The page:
Maintaining a consistent and accessible database of clinician and doctor records and working hours has been one of the defining problems for modern medical healthcare. No one country or healthcare system maintaining a singular record-keeping system for staff and clinician data, working hours and requirements across all departments.

As a result, one of the main barriers to a fast and efficient healthcare system has been the lack of ability among modern healthcare systems to seamlessly manage the time of healthcare professionals. All whilst efficiently and safely whilst complying with a myriad personal information regulations, regional rules, and patient confidence. As a result, health authorities across the world, but notably within the UK have been driven to adopt new e-rostering systems in hopes of avoiding burnout and keeping medical staff content.

The UK’s National Health Service (NHS) in 2021 laid out plans to get 38 regional hospital trusts signed up to E-rostering platforms in a bid to save the body money and improve overall efficiency in the face of an ever-mounting backlog of unseen patients and scheduled surgeries. The initiative was backed by a £26m national fund, including £7m aimed at getting NHS staff signed up to an E-rostering system designed to manage staff.

Announcing the rollout amid the Covid-19 Pandemic, the UK government said that E-Rostering had become instrumental when redeploying staff, reporting absences, and managing working hours and pay information, notably for vaccination centres. It also added NHS trusts have reported an increased appetite across clinicians to implement e-rostering as a result.

However, in 2017, a study published by the US National Institute of Health (NIH), titled: Critical success factors in implementing an e-rostering system in a healthcare organisation, detailed how unless the rollout of such a system is well communicated and accompanied with training, the benefits of implementing an e-rostering system could be undercut.

The report reads: “Unless an organisation has an effective implementation of such a system, possible cost savings, efficiency, and benefits could be minimal.” The report reads: “Unless an organisation has an effective implementation of such a system, possible cost savings, efficiency, and benefits could be minimal.”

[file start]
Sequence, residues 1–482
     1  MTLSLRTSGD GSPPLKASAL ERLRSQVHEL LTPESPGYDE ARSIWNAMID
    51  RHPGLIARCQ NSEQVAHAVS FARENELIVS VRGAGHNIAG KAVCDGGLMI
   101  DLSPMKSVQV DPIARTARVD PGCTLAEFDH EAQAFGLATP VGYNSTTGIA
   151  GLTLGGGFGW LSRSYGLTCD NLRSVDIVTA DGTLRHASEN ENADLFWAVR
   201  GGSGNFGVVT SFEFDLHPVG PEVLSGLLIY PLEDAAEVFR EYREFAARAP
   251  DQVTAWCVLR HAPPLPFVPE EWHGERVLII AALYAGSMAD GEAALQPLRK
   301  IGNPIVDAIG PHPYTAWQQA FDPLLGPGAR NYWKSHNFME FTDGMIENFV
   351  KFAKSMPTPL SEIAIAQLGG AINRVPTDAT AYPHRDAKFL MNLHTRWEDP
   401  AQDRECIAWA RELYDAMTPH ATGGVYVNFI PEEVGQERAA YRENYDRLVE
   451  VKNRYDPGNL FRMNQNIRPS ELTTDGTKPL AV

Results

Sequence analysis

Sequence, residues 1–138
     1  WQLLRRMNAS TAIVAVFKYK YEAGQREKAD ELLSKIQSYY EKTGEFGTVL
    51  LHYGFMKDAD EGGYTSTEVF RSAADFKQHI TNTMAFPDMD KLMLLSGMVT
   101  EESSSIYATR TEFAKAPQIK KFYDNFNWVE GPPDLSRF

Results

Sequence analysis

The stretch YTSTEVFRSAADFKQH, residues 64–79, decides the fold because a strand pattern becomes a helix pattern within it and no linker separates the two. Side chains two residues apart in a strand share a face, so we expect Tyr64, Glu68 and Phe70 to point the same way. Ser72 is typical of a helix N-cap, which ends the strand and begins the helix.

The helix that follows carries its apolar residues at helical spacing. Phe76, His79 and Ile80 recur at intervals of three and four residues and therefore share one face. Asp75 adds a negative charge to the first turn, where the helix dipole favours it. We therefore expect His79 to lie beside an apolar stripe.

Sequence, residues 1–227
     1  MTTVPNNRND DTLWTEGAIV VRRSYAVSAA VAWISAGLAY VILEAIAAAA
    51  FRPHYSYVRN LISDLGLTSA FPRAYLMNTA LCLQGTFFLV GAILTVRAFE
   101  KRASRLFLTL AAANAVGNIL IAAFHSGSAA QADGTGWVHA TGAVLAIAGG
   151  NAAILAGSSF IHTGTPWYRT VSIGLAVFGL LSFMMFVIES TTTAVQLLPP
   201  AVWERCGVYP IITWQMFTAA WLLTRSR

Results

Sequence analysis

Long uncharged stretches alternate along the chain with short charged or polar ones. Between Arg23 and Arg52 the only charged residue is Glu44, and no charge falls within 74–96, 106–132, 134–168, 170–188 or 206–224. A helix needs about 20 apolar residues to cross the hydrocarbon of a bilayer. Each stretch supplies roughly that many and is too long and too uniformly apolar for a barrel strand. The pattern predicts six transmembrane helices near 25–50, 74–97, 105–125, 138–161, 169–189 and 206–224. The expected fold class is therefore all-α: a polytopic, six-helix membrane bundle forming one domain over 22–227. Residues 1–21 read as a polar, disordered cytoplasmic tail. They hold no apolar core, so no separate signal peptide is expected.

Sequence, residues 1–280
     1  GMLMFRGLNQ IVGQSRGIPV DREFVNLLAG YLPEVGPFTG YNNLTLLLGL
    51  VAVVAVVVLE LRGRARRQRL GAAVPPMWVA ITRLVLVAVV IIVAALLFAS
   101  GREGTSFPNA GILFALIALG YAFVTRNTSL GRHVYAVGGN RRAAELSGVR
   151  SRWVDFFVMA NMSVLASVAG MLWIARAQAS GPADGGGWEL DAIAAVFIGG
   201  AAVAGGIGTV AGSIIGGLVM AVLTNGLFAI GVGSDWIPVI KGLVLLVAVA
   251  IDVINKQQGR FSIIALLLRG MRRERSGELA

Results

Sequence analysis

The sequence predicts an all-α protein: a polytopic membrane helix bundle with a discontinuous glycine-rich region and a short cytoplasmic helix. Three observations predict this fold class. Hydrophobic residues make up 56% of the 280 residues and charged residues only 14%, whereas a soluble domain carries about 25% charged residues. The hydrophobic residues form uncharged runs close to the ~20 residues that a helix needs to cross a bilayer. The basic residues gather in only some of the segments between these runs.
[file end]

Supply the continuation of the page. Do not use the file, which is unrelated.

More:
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North to south success

Two separate NHS integrated care trusts, on opposite sides of the UK, have both seen e-rostering systems recently implemented, through UK-based e-rostering firm Patchwork Health. Whilst both trusts needed to implement a new e-rostering system as part of the NHS’ previous initiative, both trusts had very different requirements and both needed the system implemented within a several-week period.

Now, both the Northern Cumbria Integrated Care Trust (NCIC) and the southern Maidstone and Tunbridge Wells NHS Trust have seen staff management and e-rostering platforms integrated into their care systems. CEO of Patchwork Health, Anas Nader, sat down with Hospital Management to discuss some of the difficulties and benefits of establishing such systems in rapidly ageing NHS infrastructure and how the patients can benefit from better-managed medical staff.

Joshua Silverwood: Can you tell me a bit about some of the direct benefits when implementing an e-rostering system like this?

Anas Nader:  So, a good rostering system is meant to enable hospital managers to plan and deploy the clinical workforce where they are needed most appropriately to the skills and comply with various regulations, whether that’s safe working hours or junior doctor contract rules. These kinds of rules are in place to make sure people are working the appropriate hours. It also ensures that they are also able to deliver clinical services to patients safely. This is because it will be the right clinicians doing the right work in the right space.